It is the globalizers' ability to "scatter," in other words -- both internationally and domestically -- that made them such effective vectors. The Westport hot-spot was innocent, since nobody knew enough about COVID-19. Other examples are not innocent at all, where globalizers infect all those around them by trying to escape the disease. The Hamptons example is famous. From the New York Post, " 'We should blow up the bridges' -- coronavirus leads to class warfare in Hamptons ":

Every aspect of life, most crucially medical care, is under strain from the sudden influx of rich Manhattanites panic-fleeing, bringing along their disdain and disregard for the little people -- and in some cases, knowingly bringing coronavirus.

The Springs resident says her friend, a nurse out here, reported that a wealthy Manhattan woman who tested positive called tiny Southampton Hospital to say she was on her way and needed treatment.

The woman was told to stay in Manhattan.

Instead, she allegedly got on public transportation, telling no one of her condition. Then she showed up at Southampton Hospital, demanding admittance.

"Someone else took a private jet to East Hampton and did not tell anybody 'til he landed," the resident says. "That's the most horrendous aspect. The virus is already here, and we don't have any medical resources."

Everybody loves a "rich people behaving badly" story, but here's a second one. From the Los Angeles Times, " Some of Mexico's wealthiest residents went to Colorado to ski. They brought home coronavirus ":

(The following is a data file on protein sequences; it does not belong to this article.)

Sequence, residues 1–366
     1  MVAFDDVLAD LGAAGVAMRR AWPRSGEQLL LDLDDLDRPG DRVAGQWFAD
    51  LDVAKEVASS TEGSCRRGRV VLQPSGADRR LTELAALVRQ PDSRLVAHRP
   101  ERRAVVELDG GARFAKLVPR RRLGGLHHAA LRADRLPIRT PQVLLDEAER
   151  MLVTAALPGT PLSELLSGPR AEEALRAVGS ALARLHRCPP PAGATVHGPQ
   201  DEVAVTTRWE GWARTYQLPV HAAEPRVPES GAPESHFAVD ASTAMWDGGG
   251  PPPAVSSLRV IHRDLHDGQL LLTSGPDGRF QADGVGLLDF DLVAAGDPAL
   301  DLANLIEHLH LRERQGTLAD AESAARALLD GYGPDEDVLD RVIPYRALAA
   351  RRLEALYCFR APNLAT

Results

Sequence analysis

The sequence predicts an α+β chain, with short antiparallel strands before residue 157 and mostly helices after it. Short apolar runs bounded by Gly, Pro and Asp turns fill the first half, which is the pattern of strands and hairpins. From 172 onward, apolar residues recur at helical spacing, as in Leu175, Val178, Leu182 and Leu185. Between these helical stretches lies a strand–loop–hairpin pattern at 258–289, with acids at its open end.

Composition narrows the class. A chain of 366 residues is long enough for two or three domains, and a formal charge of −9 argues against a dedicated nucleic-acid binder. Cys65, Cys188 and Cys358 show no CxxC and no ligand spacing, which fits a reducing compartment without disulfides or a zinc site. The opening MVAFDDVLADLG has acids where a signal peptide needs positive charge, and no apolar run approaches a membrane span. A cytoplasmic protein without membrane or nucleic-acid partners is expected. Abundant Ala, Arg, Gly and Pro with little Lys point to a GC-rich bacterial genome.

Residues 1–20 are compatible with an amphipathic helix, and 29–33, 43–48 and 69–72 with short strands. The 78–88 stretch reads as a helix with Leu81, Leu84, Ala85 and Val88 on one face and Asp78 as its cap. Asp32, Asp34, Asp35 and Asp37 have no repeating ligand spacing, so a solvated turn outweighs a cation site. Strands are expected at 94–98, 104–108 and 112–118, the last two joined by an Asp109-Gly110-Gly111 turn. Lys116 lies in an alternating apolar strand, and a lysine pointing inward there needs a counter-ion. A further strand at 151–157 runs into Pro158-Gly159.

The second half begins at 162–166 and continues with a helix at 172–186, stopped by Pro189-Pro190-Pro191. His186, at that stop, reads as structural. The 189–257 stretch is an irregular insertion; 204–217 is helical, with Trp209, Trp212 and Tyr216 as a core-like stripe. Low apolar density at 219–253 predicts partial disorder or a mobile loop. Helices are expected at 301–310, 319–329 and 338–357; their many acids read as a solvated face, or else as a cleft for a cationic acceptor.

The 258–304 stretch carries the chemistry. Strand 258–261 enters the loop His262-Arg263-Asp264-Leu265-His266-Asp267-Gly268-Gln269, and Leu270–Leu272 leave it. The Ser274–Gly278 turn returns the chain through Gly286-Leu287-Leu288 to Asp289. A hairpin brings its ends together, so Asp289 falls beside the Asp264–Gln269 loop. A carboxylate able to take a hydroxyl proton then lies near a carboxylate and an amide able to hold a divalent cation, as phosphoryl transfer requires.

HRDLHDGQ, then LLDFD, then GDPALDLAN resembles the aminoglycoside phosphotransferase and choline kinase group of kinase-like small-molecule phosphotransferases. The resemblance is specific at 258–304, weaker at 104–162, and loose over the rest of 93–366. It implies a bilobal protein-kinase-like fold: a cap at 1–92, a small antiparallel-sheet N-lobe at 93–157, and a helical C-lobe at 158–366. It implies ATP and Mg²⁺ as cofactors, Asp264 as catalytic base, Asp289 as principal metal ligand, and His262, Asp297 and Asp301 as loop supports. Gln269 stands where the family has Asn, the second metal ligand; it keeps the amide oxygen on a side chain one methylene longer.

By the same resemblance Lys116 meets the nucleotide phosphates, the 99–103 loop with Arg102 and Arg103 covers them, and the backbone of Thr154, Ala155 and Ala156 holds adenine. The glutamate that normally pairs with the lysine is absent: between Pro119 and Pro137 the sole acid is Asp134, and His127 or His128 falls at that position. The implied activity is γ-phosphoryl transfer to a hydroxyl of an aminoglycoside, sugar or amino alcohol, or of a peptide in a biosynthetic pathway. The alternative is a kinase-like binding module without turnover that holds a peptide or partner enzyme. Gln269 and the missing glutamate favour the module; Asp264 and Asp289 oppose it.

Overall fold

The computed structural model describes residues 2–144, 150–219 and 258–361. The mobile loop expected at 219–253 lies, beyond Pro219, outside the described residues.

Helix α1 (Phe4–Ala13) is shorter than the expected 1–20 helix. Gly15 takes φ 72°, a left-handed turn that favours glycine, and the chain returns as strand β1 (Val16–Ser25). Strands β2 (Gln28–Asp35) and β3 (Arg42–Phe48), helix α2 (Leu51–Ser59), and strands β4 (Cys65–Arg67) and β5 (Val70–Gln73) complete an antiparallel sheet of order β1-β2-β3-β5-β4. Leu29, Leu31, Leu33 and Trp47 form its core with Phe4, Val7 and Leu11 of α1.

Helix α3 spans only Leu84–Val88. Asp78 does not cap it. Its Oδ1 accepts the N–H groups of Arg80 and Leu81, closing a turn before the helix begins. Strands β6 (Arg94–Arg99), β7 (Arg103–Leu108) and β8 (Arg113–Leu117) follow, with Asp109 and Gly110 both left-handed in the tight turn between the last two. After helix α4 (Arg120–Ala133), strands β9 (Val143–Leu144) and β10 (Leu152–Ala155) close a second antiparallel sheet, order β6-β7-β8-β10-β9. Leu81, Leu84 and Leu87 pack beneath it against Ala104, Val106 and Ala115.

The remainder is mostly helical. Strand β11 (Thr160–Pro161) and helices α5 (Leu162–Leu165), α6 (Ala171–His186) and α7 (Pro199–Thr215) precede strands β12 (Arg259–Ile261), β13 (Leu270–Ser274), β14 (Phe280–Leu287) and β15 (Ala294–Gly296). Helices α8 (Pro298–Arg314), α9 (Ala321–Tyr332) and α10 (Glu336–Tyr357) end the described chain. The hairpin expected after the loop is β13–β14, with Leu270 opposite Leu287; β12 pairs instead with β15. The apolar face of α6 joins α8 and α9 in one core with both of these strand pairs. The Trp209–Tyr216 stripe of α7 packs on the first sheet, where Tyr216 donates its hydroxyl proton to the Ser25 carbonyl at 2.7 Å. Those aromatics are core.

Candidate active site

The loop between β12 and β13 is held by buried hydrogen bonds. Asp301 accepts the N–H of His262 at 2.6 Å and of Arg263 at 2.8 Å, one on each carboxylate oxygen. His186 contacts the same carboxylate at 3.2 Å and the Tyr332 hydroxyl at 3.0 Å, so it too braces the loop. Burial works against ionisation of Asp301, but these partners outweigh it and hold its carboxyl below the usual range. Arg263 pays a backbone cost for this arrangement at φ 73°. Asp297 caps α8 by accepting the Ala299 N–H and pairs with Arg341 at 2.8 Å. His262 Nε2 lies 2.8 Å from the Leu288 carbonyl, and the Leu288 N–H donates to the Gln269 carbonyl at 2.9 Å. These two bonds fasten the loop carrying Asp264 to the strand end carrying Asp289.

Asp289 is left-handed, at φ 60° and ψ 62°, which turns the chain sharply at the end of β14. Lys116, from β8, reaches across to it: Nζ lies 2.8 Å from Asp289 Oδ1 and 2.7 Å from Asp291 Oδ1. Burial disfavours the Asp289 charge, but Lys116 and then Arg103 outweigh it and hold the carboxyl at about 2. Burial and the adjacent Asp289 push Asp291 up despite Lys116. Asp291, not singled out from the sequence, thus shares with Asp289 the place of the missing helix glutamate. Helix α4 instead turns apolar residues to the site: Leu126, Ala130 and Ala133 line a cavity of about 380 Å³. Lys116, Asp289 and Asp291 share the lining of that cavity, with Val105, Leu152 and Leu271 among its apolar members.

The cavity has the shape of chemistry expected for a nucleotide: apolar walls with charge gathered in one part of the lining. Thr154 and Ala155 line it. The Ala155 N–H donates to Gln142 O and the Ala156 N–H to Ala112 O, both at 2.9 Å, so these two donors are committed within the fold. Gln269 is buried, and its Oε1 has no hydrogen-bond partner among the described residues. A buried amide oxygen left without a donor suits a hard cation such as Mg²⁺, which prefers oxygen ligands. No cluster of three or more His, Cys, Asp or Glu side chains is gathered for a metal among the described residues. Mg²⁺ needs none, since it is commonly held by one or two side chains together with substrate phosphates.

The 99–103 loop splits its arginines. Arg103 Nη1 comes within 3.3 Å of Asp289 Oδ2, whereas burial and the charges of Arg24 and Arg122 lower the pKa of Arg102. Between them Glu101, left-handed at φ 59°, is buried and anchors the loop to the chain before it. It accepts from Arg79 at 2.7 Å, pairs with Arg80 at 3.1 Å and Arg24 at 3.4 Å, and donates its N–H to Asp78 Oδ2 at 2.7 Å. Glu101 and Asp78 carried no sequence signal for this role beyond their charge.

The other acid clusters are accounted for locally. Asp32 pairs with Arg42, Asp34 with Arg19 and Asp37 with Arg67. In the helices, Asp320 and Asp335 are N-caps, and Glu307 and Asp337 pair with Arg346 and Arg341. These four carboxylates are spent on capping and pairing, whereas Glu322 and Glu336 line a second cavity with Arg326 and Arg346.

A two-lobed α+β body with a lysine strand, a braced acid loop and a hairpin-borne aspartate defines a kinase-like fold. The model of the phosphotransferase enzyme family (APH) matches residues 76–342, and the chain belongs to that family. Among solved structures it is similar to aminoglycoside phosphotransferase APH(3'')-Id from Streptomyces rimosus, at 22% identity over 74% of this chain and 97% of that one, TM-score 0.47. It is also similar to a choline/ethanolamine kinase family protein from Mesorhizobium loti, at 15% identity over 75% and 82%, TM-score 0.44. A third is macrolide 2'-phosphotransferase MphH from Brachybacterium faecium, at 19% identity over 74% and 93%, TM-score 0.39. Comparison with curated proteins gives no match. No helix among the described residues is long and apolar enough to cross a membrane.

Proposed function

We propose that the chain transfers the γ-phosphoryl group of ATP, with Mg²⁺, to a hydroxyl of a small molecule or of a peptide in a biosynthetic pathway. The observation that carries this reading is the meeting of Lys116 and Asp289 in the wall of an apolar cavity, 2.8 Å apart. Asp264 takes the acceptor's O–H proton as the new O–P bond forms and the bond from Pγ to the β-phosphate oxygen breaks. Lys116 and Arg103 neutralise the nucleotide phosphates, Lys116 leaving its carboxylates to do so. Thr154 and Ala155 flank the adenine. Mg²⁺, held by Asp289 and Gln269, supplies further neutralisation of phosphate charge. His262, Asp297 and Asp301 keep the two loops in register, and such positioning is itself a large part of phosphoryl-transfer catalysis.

The frantic effort to find the ski trip participants has highlighted an uncomfortable fact: It is people wealthy enough to travel outside the country who have brought the coronavirus back to mostly poor Mexico. Yet if the disease spreads, it is those with the least who will probably suffer the most.

"The virus is imported by people with the economic capacity to travel," wrote actor Tenoch Huerta on Twitter. "Those who ask that everything be closed and all economic activity stop, hurting the people who live day-to-day, why didn't they voluntarily isolate for three weeks so as not to spread it? Or should only the poor be responsible?"

The same dynamic can be inferred in Blaine Country, Idaho, home of ski resort Sun Valley :

Idaho has 123 confirmed cases of COVID-19, according to the state's coronavirus website. That includes 37 in Ada County and eight in Canyon County. Blaine County, where Sun Valley is located, has the most confirmed cases at 52. Idaho's first case was reported 12 days ago, in Ada County. The number of people tested in the state is now up to 2,188.